Simulating V$KERNEL_IO_OUTLIER on LINUX using Systemtap

With the 12C version oracle come with many amazing feature, one of them is the integration of ORACLE database with the awesome dynamic tracing framework  DTRACE on SOLARIS system.In fact we can see this in action using  V$KERNEL_IO_OUTLIER view.Like explained by Andrey Nikolaev in  https://andreynikolaev.wordpress.com/2013/09/20/vkernel_io_outlier/ this view is based on a DTrace script running in the background.He also managed to rewrite the script so it can be used also on pre-12c Oracle databases.(That’s cool !!)

But what About Linux system ?

Please take look at Brendan Gregg presentation on Linux performance tools :  http://www.slideshare.net/brendangregg/linux-performance-tools-2014?ref=http://www.brendangregg.com/linuxperf.html

I have chosen Systemtap to simulate V$KERNEL_IO_OUTLIER on LINUX as it’s one of the more mature tool.So i am going here to write a monitoring  script  based on the script developed by Andrey Nikolaev : https://andreynikolaev.wordpress.com/tools/kernel_io_outlier-d/

TEST system :

  • Systemtap 2.7
  • OEL release 6.6
  • Kernel : 3.8.13-55.1.5.el6uek.x86_64
  • Oracle database 12.1.0.2 using ASM
  • disk_asynch_io=FALSE

Note : As Mentioned by Andrey Nikolaev :

  • V$KERNEL_IO_OUTLIER was designed to work for ‘raw devices’ or ASM disks only.
  • V$KERNEL_IO_OUTLIER was designed to work with disk_asynch_io=false only.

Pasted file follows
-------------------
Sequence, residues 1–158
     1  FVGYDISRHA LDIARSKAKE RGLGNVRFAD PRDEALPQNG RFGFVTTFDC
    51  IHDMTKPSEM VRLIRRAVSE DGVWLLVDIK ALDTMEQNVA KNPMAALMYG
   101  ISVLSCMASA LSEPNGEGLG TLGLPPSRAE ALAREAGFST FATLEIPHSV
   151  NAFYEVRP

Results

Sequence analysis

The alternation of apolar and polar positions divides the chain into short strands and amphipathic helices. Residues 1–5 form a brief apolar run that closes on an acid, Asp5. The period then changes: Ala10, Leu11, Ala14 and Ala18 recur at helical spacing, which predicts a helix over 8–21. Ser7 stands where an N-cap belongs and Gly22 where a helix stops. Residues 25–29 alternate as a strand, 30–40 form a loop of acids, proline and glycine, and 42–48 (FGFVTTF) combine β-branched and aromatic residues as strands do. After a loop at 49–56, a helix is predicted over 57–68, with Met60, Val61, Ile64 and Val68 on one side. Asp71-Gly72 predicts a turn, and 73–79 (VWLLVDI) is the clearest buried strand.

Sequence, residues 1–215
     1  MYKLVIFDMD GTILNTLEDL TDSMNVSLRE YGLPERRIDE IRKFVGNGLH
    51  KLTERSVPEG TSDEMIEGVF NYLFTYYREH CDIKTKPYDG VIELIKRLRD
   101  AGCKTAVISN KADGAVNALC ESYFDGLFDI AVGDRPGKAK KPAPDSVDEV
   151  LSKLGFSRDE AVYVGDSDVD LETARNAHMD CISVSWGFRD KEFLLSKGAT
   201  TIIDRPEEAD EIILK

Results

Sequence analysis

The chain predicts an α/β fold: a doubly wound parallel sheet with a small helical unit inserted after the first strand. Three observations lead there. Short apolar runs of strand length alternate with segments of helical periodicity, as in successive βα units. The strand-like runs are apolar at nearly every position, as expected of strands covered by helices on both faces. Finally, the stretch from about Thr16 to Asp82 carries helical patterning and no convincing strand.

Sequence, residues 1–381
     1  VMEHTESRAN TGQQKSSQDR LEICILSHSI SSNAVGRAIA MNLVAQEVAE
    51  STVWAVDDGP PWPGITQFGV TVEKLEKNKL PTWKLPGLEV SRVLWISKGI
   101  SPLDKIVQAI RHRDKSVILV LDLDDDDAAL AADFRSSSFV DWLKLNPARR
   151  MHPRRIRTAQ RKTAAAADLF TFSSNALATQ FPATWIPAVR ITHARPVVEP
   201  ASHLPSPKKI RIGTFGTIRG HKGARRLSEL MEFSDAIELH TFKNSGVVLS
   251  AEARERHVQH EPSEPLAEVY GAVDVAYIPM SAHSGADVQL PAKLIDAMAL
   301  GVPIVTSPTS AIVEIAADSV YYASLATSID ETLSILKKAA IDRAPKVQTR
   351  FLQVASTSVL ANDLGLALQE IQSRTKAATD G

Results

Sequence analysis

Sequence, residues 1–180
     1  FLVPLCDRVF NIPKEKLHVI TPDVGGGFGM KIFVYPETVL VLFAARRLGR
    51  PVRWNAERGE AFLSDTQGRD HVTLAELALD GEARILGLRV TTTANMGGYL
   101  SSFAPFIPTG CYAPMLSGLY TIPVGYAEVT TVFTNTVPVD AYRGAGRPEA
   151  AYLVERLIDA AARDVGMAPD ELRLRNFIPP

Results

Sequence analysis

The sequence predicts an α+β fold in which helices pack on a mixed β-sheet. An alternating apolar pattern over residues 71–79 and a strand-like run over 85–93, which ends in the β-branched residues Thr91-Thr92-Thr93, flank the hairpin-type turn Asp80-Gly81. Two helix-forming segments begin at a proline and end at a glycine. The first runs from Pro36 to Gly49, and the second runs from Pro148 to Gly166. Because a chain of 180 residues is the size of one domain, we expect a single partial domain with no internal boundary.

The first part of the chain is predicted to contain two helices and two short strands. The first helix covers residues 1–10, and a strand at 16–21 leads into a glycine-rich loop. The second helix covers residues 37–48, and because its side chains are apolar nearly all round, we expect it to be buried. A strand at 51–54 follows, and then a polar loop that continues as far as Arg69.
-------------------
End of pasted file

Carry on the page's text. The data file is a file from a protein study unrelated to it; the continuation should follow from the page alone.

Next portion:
First we have to choose the correct probe point.I have based my script on existing tapset so it can be portable between different kernel version.

Here is the probe points :

  • syscall.pwrite
  • ioblock.request : Fires whenever making a generic block I/O request.  
  • ioscheduler_trace.elv_issue_request : Fires when a request is  issued
  • ioblock.end : Fires whenever a block I/O transfer is complete.  
  • syscall.pwrite.return

To check the position of this probe point on the i/o block path to the device and back i used this additional probes as a check :

probe kernel.function(“*@block/*”).call {
if (pid() == target()) {
printf (“%s -> %s \n”, thread_indent(1), ppfunc())
}
}
probe kernel.function(“*@block/*”).return {
if (pid() == target()) {
printf (“%s <- %s \n”, thread_indent(-1), ppfunc())
}
}

Here is an extract :

   1 oracle_3364_tes(3364): <- blk_start_plug
     0 oracle_3364_tes(3364): -> submit_bio
PROBE:    ->ioblock.request
     7 oracle_3364_tes(3364):  -> generic_make_request
     9 oracle_3364_tes(3364):   -> generic_make_request_checks

  0 oracle_3364_tes(3364): -> blk_flush_plug_list
     2 oracle_3364_tes(3364):  -> __elv_add_request
PROBE: ->elv_add_request
     5 oracle_3364_tes(3364):   -> elv_rqhash_find
     7 oracle_3364_tes(3364):   <- elv_rqhash_find

And then checked the code source of some of listed functions to see what it does.

So now that we have our probe points we can write the scripts : kernel_io_outlier_simul

Here is an extract :

Capture

That’s it  😀

More on systemtap coming soon.

Leave a Reply

Fill in your details below or click an icon to log in:

WordPress.com Logo

You are commenting using your WordPress.com account. Log Out / Change )

Twitter picture

You are commenting using your Twitter account. Log Out / Change )

Facebook photo

You are commenting using your Facebook account. Log Out / Change )

Google+ photo

You are commenting using your Google+ account. Log Out / Change )

Connecting to %s